Green anoles (Anolis carolinensis) are mostly arboreal reptiles (family Iguanidae) that are commonly kept as exotic pets. In nature, these lizards are prevalent throughout the southeastern part of the United States, including in Arkansas, Texas, Virginia, North Carolina and Florida. "Carolina anole" is another oft-used moniker for these highly territorial creatures.
About Green Anoles
Green anoles usually are between 5 and 8 inches in length. The males are bigger than the females, and the females are sometimes even shorter than 5 inches. They have lithe physiques, extended tails, pointy noses and small heads. Although they are named "green," they also sometimes appear brown. Many factors determine their coloring at any given moment, including moisture in the air, how they feel and temperature. Green anoles dine on lots of flies, termites, crickets, beetles, spiders, seeds, grains and worms.
The males of the species are extremely territorial. One way in which they assert their social status and space is by repeatedly and quickly nodding their heads up and down. Many scuffles between green anoles begin in this fashion.
Another common territorial pattern of male green anoles involves their dewlaps, which are slack skin folds that sag from their necks. Their dewlaps are pink. Females, for the most part, lack dewlaps entirely. Males typically puff out their dewlaps when they're attempting to drive others away from their turf. They also show off their dewlaps when they're trying to appear more noticeable to females, for mating purposes. Green anoles often react to danger by simultaneously nodding and expanding their dewlaps.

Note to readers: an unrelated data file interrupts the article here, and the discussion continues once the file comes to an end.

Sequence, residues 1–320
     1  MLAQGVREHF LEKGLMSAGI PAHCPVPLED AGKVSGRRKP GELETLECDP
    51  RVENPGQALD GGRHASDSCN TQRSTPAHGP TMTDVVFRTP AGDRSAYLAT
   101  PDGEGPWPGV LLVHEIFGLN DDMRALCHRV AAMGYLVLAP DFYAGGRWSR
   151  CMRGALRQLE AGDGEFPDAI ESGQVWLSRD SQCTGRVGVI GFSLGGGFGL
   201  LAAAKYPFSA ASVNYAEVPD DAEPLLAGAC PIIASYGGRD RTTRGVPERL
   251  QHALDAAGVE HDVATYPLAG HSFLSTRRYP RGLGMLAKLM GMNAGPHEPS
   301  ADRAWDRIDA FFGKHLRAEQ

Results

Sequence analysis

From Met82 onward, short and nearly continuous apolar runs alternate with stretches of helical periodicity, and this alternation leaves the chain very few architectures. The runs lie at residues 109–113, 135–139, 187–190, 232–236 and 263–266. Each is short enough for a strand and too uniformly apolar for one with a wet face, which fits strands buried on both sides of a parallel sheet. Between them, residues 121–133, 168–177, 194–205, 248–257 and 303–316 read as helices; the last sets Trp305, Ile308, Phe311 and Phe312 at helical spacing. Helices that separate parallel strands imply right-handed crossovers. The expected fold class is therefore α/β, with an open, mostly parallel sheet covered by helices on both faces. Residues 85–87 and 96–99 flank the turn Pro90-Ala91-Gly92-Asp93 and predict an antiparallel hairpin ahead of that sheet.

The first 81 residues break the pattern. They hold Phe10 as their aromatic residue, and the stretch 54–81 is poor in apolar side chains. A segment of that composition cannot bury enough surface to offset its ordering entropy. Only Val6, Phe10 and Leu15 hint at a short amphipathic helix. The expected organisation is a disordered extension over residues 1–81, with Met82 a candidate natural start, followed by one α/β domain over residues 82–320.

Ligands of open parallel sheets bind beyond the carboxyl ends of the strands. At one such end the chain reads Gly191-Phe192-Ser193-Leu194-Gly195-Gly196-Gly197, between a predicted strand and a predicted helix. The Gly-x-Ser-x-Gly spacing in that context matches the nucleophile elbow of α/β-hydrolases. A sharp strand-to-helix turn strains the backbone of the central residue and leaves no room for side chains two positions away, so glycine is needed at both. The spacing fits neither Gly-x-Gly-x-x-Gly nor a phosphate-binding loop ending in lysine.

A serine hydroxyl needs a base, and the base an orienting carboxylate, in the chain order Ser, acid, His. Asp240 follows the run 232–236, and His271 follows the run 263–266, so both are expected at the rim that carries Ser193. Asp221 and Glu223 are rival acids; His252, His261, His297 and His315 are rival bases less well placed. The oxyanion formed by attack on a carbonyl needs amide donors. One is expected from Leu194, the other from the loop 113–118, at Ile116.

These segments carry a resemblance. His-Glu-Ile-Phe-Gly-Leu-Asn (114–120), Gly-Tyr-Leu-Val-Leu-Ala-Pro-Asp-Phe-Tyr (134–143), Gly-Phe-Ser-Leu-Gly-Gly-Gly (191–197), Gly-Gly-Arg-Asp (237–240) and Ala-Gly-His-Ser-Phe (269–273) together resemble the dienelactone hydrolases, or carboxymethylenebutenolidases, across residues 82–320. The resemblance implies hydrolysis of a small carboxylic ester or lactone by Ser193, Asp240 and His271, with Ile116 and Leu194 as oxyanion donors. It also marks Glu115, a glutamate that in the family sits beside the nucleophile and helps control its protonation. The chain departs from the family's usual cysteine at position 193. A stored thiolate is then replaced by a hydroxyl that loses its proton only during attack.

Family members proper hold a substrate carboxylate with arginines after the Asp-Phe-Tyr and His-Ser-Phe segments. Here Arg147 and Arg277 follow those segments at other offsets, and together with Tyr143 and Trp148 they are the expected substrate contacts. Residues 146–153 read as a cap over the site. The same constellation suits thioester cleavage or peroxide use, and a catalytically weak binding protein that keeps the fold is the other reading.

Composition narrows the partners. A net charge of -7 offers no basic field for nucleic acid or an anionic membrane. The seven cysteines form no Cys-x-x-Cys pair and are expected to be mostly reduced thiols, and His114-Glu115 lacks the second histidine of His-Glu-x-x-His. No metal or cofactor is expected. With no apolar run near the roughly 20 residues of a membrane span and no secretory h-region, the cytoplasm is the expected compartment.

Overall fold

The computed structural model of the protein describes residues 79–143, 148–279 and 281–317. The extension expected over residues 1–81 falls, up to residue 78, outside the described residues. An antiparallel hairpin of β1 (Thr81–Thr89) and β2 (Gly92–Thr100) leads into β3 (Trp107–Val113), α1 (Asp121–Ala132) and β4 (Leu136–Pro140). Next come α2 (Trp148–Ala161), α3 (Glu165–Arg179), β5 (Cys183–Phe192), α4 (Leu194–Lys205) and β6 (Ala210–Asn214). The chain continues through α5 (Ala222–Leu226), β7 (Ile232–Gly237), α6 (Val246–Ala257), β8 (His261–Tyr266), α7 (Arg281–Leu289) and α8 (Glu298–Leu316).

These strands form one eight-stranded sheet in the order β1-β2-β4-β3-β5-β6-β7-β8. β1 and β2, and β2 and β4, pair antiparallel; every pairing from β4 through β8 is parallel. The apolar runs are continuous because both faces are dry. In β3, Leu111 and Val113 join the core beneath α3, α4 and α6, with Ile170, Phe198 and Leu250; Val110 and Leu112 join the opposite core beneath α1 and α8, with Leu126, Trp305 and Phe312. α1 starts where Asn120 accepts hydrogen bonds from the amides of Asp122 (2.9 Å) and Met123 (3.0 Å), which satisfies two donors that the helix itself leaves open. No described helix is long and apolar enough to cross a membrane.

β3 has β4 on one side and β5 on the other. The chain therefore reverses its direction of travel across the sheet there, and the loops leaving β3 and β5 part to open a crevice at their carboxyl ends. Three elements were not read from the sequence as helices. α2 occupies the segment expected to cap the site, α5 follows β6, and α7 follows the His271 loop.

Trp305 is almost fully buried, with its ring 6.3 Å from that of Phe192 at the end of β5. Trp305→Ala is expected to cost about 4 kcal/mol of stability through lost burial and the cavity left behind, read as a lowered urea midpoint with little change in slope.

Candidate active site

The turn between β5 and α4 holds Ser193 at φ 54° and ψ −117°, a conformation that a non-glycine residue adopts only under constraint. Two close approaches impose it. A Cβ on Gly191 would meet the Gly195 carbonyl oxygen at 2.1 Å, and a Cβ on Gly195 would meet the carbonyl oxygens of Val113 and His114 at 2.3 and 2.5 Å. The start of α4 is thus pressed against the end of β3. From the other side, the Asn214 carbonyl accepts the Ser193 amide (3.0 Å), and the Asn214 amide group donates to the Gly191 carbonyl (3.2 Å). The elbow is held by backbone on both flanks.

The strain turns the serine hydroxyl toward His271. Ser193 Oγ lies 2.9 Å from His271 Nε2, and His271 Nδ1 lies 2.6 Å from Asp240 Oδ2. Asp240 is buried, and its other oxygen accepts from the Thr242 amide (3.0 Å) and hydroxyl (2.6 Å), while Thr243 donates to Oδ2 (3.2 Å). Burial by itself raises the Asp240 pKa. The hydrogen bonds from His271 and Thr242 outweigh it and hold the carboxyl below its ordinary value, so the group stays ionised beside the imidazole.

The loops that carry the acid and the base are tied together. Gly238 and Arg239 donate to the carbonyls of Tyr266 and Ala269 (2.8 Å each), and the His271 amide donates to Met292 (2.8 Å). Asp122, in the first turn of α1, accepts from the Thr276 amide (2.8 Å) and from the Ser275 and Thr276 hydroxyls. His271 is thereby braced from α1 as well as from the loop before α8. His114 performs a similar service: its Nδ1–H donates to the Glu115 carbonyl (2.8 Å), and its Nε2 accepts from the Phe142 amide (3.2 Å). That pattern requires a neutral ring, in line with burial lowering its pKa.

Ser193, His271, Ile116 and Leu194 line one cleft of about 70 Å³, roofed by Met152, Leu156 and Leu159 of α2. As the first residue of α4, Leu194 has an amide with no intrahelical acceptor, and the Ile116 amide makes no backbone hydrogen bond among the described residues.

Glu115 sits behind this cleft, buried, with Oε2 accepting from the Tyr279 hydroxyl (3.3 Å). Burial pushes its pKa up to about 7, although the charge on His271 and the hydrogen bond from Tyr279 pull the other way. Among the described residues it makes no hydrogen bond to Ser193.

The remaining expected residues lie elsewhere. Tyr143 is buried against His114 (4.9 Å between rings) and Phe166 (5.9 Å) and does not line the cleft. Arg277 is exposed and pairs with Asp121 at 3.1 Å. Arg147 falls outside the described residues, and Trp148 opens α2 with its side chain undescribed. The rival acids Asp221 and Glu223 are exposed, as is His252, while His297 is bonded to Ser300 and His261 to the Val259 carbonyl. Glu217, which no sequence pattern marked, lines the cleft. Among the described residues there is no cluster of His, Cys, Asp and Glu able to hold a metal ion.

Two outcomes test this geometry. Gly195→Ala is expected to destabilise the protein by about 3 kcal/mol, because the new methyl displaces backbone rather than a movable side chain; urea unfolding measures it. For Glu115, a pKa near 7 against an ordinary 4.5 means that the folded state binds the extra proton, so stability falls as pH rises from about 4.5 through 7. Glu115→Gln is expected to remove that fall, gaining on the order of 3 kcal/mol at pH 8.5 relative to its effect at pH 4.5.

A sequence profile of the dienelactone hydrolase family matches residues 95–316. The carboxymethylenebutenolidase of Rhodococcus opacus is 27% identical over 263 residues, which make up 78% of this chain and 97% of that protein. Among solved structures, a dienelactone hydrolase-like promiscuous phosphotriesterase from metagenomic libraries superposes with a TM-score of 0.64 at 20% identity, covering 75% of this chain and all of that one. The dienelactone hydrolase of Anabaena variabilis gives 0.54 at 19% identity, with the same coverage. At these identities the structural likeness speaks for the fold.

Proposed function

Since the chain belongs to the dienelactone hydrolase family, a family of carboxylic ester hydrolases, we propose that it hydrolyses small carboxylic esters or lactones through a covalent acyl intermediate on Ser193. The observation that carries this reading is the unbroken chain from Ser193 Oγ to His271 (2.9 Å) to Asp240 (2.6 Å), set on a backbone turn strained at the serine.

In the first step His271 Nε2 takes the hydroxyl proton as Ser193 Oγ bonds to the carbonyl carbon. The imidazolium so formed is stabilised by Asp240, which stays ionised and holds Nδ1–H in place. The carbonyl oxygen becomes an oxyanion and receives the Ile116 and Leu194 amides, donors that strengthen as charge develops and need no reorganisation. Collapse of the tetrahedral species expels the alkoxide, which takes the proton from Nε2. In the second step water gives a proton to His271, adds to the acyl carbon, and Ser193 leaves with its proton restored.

Apart from making their dewlaps more prominent, green anole lizards also frequently respond to menacing situations by pushing out their throats, and then promptly moving so that their "enemies" can view them from the side. These territorial behaviors are often precursors to attacks and chases. The goal is to strike fear into the other party, and to make him back down.
Protective territorial behavior is extremely prevalent in male green anoles. They spend a lot of time guarding females during the reproductive season, and that often results in physical effects such as weight loss. The reproductive season lasts from April to July each year.
The turf of a male green anole corresponds to his bulk and size in general. Bigger green anoles literally cover more ground, and therefore boast more significant territories.
- NatureWorks: Green Anole
- Smithsonian National Zoological Park: Green Anole
- University of Michigan Animal Diversity Web: Anolis carolinensis
- Savannah River Ecology Laboratory: Green Anole
- Savannah River Ecology Laboratory Herpetology: Green Anole
- IUCN Red List of Threatened Species: Anolis carolinensis
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